Tuesday , February 18, 2020

Divergent Online Security Needs Warrant a New Version of PKI

A new set of security protocols to better safeguard online connections within the financial-services industry is in the offing.

Securing and trusting these connections is a critical piece of the payments infrastructure. Experts say the underlying standards they are built on—called public key infrastructure—need updating.

That’s why the Accredited Standards Committee X9 Inc., a nonprofit that develops standards for the financial-services industry, is reactivating a working group called X9F5 to create new PKI standards based on current uses within the industry. Without these standards and the assurances they provide, online commerce and financial transactions would be much more difficult to trust.

Hollebeek: “There are legitimate reasons why the same certificate hierarchies were re-used in the past, but as both PKIs have matured, it would be best if they went their separate ways so that they can independently meet their own goals.”

“Every day, a significant fraction of the world’s population uses a Web browser to access a Web page on a Web server,” Tim Hollebeek, industry and standards technical strategist at DigiCert Inc., which issues digital certificates, and interim X9F5 chairman, tells Digital Transactions News in an email. “At the same time, the vast majority of their financial transactions are being transmitted on server-to-server communications between banks and other financial institutions.”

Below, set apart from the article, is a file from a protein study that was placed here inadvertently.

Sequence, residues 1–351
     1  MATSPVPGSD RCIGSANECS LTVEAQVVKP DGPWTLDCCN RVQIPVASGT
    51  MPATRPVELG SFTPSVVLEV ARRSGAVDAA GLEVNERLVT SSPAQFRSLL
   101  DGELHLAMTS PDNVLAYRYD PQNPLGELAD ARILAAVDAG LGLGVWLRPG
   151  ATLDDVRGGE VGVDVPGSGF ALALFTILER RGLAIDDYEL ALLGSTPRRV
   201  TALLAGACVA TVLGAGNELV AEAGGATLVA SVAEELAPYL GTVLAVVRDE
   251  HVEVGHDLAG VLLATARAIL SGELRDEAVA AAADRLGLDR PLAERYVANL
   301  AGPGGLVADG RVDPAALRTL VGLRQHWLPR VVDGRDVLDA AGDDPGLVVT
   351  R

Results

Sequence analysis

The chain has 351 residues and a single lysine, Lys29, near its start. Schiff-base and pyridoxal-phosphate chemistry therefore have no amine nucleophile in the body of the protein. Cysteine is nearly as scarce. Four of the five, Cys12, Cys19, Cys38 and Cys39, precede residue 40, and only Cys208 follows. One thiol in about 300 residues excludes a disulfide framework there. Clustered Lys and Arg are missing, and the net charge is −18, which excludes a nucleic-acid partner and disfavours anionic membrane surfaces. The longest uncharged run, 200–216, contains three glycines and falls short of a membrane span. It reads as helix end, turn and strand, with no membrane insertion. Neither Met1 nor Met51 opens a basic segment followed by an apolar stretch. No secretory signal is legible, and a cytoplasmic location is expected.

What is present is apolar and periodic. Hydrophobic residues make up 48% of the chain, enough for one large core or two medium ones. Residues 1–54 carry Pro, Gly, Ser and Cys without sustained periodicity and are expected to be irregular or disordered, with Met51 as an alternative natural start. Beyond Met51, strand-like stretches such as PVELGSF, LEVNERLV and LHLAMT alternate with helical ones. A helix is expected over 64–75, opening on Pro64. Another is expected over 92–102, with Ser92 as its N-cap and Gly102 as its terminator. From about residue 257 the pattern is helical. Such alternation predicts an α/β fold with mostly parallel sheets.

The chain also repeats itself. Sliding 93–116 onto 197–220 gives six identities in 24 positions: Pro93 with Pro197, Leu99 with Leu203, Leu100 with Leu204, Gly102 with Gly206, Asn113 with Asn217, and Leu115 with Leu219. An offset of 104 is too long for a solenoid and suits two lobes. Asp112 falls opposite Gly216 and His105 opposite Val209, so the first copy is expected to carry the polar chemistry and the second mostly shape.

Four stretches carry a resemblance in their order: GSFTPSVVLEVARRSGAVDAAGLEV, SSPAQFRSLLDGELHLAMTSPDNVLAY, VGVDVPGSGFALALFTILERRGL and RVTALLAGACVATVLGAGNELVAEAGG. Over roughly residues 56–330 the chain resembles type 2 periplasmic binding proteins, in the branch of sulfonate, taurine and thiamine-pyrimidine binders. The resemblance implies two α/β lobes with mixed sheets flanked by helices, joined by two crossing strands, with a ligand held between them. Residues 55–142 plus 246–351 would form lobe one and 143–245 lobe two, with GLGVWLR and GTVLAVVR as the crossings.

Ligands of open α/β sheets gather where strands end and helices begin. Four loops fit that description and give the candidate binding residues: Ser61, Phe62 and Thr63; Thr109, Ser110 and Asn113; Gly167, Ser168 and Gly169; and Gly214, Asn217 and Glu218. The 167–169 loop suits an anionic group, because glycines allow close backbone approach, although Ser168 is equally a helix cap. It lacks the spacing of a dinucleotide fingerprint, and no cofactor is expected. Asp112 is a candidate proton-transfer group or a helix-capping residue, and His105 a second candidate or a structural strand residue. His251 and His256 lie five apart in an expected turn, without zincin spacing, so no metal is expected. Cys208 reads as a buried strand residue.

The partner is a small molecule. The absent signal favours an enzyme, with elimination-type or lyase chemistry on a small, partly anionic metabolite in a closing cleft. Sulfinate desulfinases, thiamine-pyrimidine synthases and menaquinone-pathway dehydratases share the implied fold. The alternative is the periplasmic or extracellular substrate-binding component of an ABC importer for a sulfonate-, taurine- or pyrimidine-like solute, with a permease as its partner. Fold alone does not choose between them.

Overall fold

This means there needs to be a distinction in PKI for the two connection types. The same technologies—PKIs, digital certificates, Transport Layer Security, and so on—“have a long history of being used both to protect high-value connections between payment companies and banks, and Web connections between Web sites and users,” Hollebeek says.

A real-world example of the situation is that when X9 tried to retire the outdated SHA-1 hash function—a cryptographic tool that was often used in Web browsers—the organization found it was used by a large number of payment terminals around the world. “It would have been much easier if each community could have come up with its own requirements and transition plan,” Hollebeek says.

The caveat, however, is that the security requirements for these two scenarios are fundamentally different, and it has become clear over the past five years or so that attempting to meet both sets of requirements with the same PKI leads to adverse consequences for all parties, Hollebeek says.

Financial institutions carefully authenticate the exact legal identity of each party they do business with, and they put mechanisms in place to guarantee they can reliably authenticate that entity for each transaction, he says. “The Web, on the other hand, is a much more dynamic place that is designed to be open to everyone, no matter how small.”

Today, there’s no reason for the same PKI standards to undergird both use cases, he says. “There are legitimate reasons why the same certificate hierarchies were re-used in the past, but as both PKIs have matured, it would be best if they went their separate ways so that they can independently meet their own goals.”

This type of technical work will proceed faster with the assistance of industry experts, Hollebeek says. “There’s a lot to be done in order to get this off the ground, but given the importance of this problem, we’re confident we can get it done quickly if everyone works together.”

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